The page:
12/1/2016 8:47:46 PM
|written By : Team India Se|
Scientists have long believed that loneliness can be hazardous to the health of older adults. Now a Harvard University study has found older people feeling lonely may be undergoing brain changes that could lead to Alzheimer’s disease.
“I think it’s difficult to extrapolate and say that someone who’s lonely is absolutely more likely to have Alzheimer’s disease, but it could certainly be part of the characteristics of people who are more vulnerable to it,” says Nancy Donovan, a psychiatrist at Brigham and Women’s Hospital and Harvard Medical School, who led the study.
Dr Donovan and her colleagues studied 79 men and women with an average age of 76 and no outward signs of memory problems. The participants answered questions designed to assess how lonely they felt, and the researchers used imaging scans to detect the presence of cortical amyloid — a type of protein believed to a precursor of Alzheimer’s — in their brains.
About 32 per cent of the people tested positive for these protein clusters. After the researchers took into account other factors such as depression, anxiety, and social network size, they found that the people in this group were 7.5 times more likely to be classified as lonely, compared with those whose scans were negative.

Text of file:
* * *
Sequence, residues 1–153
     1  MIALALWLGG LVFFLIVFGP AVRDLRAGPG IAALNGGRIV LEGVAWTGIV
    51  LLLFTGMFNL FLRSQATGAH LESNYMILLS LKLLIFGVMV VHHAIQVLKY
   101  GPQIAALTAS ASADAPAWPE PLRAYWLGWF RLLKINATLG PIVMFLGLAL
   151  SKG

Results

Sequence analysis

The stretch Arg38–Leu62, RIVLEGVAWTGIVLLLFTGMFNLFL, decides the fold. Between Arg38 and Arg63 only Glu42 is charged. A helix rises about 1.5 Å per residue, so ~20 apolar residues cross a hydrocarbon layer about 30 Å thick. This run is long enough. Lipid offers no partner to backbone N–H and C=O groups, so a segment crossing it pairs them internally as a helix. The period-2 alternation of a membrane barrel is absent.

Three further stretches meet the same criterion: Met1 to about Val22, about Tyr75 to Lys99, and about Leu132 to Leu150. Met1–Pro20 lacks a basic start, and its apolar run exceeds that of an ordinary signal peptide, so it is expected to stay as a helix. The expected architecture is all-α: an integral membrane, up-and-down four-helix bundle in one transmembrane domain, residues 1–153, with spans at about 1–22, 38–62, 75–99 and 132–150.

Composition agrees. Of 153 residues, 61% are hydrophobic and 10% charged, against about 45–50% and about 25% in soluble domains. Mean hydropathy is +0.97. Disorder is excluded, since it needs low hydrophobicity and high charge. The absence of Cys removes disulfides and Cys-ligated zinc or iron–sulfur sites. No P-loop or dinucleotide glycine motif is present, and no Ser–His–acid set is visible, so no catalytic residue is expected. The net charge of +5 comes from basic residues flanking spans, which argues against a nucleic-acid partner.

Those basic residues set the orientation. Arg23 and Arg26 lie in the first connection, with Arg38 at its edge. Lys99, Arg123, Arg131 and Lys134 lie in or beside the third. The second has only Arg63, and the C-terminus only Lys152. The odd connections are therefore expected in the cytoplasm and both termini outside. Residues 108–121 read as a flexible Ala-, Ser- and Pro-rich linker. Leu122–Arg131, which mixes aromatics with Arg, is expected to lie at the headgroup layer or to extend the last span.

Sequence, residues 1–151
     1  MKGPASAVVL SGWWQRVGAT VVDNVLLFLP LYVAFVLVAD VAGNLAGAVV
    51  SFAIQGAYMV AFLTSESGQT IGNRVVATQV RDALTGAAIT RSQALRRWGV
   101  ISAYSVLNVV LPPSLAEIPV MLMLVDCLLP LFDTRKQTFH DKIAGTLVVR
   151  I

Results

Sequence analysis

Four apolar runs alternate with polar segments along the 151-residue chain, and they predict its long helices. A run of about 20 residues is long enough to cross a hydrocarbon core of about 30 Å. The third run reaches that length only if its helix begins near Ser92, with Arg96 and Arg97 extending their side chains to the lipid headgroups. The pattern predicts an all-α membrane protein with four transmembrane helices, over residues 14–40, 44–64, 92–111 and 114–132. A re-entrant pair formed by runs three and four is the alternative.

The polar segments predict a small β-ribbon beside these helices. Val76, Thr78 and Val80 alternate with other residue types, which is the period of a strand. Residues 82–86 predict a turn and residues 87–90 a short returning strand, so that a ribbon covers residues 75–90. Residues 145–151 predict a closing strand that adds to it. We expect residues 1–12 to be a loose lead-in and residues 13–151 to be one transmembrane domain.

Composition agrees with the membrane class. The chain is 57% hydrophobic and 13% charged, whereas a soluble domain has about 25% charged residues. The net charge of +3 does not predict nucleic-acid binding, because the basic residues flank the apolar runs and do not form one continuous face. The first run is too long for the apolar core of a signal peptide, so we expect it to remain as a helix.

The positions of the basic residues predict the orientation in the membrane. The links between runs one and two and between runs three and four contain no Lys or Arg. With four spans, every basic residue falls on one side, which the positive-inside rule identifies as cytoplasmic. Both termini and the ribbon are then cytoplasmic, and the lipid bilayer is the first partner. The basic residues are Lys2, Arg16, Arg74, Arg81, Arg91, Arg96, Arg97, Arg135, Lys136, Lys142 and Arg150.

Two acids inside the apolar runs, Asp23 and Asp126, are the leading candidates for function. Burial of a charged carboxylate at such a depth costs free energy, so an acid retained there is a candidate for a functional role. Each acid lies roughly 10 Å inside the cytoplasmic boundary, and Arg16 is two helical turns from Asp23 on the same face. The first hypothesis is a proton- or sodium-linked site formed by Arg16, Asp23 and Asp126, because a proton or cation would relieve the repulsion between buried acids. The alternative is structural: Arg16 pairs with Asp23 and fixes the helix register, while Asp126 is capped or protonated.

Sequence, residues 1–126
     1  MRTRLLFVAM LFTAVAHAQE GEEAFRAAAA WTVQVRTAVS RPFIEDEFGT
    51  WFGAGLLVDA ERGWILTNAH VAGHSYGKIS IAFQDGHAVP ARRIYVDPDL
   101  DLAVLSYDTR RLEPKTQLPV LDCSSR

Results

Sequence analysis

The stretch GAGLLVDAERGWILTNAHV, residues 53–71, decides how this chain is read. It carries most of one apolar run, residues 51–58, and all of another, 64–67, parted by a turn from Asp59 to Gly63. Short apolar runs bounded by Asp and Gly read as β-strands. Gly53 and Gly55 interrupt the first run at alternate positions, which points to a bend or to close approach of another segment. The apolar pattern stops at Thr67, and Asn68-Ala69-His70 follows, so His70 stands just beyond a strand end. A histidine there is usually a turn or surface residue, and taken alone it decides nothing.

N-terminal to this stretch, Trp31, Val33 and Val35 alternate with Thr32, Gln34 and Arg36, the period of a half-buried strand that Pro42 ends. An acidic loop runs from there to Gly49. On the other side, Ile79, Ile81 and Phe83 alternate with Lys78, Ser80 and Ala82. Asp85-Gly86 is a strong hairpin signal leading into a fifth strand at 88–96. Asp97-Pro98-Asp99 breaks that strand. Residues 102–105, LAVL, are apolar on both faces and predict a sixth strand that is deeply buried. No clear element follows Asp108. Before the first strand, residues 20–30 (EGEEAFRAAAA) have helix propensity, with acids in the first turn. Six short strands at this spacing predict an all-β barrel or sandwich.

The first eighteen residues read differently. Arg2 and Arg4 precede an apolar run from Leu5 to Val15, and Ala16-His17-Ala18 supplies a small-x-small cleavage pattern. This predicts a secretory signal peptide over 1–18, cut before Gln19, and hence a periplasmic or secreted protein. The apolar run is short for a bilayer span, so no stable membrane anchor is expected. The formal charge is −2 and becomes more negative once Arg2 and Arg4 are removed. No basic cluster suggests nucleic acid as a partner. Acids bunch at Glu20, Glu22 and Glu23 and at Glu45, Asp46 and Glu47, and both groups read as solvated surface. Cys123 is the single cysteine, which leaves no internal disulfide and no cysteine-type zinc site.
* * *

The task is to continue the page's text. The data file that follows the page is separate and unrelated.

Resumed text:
Dr Donovan says people experiencing brain changes might start to withdraw from group activities. “It may be that as people decline both physically and cognitively, they’re less able to successfully socialise and they become less comfortable and have more anxiety in those situations,” she says.
Writing in the journal JAMA Psychiatry, the study authors acknowledge that the association between loneliness and memory problems could go either way, and that it’s possible that feelings of loneliness and detachment actually promote amyloid accumulation, rather than the other way round.
In an editorial published along with the study, Paul B Rosenberg, associate professor of psychiatry and behavioral sciences at Johns Hopkins Bayview Medical Centre, called the findings “important and intriguing.” Doctors are always looking for new and effective ways to screen patients in the early stages of dementia, he writes, and this study suggests that asking about loneliness could potentially be part of that process.